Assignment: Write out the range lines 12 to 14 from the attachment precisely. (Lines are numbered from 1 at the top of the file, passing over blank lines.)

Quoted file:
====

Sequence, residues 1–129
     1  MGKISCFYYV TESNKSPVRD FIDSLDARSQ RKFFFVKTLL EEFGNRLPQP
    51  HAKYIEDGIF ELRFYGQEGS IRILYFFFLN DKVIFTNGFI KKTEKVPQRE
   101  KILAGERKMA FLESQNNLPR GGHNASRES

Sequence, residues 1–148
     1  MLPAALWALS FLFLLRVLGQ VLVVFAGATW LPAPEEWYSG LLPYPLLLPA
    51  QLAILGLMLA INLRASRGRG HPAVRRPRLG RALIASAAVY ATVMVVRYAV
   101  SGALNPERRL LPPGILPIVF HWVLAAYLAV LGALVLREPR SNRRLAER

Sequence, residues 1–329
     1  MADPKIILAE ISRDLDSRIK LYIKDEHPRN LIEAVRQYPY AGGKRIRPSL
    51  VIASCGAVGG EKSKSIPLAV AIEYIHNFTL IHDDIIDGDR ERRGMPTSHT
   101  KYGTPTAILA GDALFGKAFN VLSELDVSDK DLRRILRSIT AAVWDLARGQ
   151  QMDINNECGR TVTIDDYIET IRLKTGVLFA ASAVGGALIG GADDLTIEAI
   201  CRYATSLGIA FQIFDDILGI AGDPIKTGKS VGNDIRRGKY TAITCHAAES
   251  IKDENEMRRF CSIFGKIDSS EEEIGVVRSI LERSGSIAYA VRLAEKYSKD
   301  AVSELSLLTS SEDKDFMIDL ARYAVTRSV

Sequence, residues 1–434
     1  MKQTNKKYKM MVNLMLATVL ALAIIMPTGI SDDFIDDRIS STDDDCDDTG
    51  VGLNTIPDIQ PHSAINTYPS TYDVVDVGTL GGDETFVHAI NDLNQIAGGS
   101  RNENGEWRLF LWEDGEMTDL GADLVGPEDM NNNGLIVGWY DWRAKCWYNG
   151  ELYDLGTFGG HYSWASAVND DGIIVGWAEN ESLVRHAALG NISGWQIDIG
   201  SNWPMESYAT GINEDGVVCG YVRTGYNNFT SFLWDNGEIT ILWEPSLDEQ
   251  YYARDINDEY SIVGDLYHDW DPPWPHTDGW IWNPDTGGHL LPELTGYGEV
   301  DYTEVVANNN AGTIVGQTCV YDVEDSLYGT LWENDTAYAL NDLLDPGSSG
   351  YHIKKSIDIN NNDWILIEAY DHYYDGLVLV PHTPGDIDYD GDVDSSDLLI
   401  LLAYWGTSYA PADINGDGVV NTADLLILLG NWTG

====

   101  KYGTPTAILA GDALFGKAFN VLSELDVSDK DLRRILRSIT AAVWDLARGQ
   151  QMDINNECGR TVTIDDYIET IRLKTGVLFA ASAVGGALIG GADDLTIEAI
   201  CRYATSLGIA FQIFDDILGI AGDPIKTGKS VGNDIRRGKY TAITCHAAES